Scarfing a lobed mixer is achieved by alternate extending and cutting back on the lobes at the trailing edge. This modification is intended to enhance the strength of streamwise circulation without experiencing any undesirable effects, such as flow separation at the lobe troughs. Tests have been conducted over a range of low speed subsonic flow conditions using a laser Doppler anemometer. Up to four cross-stream vortices are formed immediately behind the trailing edge as a result of scarfing. The general features of the flow behind the scarfed mixer are very similar to those found in the scalloped mixer (Yu, Yip and Liu (1996)). Streamwise circulation generated at the trailing edge is some 30% higher by the scarfed lobes than by the normal lobes (Yu, Yeo and Teh (1995)). However, the preliminary assessment on the losses incurred by the scarfed lobes showed that they would have higher values than the normal lobes due to larger wetted surfaces.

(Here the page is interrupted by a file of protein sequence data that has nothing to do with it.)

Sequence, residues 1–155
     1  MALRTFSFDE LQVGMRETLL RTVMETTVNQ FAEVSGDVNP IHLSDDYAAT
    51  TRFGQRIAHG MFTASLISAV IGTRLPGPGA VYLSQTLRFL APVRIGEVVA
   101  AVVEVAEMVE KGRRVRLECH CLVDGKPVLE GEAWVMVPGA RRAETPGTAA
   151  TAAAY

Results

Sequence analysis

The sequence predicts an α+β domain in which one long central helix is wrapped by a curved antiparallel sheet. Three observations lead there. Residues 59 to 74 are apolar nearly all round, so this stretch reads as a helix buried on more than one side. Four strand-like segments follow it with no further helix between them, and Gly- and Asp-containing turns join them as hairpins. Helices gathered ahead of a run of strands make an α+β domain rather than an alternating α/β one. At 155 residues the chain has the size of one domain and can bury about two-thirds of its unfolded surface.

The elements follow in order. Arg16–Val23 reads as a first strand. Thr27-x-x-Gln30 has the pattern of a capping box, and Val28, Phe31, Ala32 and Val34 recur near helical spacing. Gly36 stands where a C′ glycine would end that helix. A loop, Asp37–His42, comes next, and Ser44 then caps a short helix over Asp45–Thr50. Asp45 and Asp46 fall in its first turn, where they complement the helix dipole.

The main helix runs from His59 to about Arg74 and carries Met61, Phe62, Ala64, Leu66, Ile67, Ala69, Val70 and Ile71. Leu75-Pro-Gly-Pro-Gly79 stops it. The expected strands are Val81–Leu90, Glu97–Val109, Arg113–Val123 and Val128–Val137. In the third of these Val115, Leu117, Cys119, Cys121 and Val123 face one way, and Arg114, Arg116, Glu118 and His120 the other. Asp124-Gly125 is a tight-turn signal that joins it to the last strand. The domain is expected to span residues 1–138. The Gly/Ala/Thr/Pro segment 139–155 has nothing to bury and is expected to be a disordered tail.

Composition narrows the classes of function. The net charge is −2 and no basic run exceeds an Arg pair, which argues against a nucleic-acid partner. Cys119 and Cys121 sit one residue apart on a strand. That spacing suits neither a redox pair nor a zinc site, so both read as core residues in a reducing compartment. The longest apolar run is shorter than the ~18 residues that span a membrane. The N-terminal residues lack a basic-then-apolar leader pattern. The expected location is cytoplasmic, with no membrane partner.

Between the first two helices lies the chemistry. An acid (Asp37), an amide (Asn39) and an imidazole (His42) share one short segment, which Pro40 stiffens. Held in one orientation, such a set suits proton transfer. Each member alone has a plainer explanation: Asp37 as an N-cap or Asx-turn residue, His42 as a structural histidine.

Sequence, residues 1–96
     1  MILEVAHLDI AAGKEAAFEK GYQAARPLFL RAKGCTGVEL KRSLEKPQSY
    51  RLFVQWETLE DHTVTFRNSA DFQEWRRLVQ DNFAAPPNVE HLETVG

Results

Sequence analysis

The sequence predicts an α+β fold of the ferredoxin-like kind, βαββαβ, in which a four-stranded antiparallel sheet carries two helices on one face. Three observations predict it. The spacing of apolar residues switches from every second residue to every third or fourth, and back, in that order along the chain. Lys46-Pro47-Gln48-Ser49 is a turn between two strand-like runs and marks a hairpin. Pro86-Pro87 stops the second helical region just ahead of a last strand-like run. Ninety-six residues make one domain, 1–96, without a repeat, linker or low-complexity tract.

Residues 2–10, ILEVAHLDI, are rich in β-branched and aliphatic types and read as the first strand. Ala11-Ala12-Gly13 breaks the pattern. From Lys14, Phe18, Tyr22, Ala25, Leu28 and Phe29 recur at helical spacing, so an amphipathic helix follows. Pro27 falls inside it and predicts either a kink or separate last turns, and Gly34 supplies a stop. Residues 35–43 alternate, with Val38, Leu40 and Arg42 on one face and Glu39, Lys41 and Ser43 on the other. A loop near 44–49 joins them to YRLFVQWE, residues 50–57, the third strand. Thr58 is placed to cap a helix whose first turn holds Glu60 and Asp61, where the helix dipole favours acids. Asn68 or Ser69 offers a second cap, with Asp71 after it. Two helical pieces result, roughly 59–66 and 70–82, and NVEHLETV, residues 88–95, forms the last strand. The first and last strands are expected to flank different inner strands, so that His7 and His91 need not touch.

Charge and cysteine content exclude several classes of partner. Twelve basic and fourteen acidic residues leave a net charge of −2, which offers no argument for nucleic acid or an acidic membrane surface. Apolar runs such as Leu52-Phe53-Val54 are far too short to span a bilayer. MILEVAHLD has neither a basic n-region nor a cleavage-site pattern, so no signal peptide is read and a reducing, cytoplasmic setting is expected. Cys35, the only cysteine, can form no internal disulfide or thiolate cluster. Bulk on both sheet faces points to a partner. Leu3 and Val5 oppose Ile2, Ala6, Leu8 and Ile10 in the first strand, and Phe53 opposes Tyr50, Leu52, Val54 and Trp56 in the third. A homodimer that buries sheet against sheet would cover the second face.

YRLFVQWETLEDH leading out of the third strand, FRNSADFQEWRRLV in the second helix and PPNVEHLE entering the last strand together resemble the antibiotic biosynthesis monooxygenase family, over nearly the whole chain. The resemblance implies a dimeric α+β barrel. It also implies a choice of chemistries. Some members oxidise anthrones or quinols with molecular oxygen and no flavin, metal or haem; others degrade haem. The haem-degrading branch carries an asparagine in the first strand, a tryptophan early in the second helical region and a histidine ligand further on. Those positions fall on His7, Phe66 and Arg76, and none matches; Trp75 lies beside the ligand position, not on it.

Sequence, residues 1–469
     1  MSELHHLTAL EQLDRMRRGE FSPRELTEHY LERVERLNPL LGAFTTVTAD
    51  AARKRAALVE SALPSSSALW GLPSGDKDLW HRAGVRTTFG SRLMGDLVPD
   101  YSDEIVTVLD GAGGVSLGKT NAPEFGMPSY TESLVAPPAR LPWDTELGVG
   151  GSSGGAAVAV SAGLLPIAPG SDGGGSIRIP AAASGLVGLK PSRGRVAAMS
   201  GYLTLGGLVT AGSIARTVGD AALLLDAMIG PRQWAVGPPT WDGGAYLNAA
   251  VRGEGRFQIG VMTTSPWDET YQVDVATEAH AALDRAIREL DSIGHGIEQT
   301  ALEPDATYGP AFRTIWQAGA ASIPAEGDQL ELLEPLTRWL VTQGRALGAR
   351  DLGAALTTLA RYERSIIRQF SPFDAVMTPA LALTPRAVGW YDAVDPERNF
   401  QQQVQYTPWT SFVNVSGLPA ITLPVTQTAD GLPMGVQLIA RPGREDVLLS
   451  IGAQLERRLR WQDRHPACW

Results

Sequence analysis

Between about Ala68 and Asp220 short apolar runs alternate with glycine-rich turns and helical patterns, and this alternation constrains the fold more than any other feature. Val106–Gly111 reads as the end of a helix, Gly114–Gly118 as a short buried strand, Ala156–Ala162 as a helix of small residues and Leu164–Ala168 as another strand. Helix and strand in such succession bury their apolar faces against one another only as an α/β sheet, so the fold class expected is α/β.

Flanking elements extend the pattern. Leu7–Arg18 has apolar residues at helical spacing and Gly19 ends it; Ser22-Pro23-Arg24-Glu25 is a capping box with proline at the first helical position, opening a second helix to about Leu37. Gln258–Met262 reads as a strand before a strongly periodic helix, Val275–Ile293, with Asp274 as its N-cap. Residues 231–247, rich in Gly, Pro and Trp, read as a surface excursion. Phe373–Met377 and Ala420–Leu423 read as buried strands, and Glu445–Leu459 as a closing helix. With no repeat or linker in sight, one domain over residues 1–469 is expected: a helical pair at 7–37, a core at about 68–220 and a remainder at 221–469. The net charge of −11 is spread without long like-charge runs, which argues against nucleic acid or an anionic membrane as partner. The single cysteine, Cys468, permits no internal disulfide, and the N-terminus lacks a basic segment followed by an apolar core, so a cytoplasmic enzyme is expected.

|Title of host publication||Proceedings of the 1999 3rd ASME/JSME Joint Fluids Engineering Conference, FEDSM'99, San Francisco, California, USA, 18-23 July 1999 (CD-ROM)|
|Publisher||American Society of Mechanical Engineers|
|Number of pages||1|
|Publication status||Published - 1999|
ASJC Scopus subject areas
- Earth and Planetary Sciences(all)
- Environmental Science(all)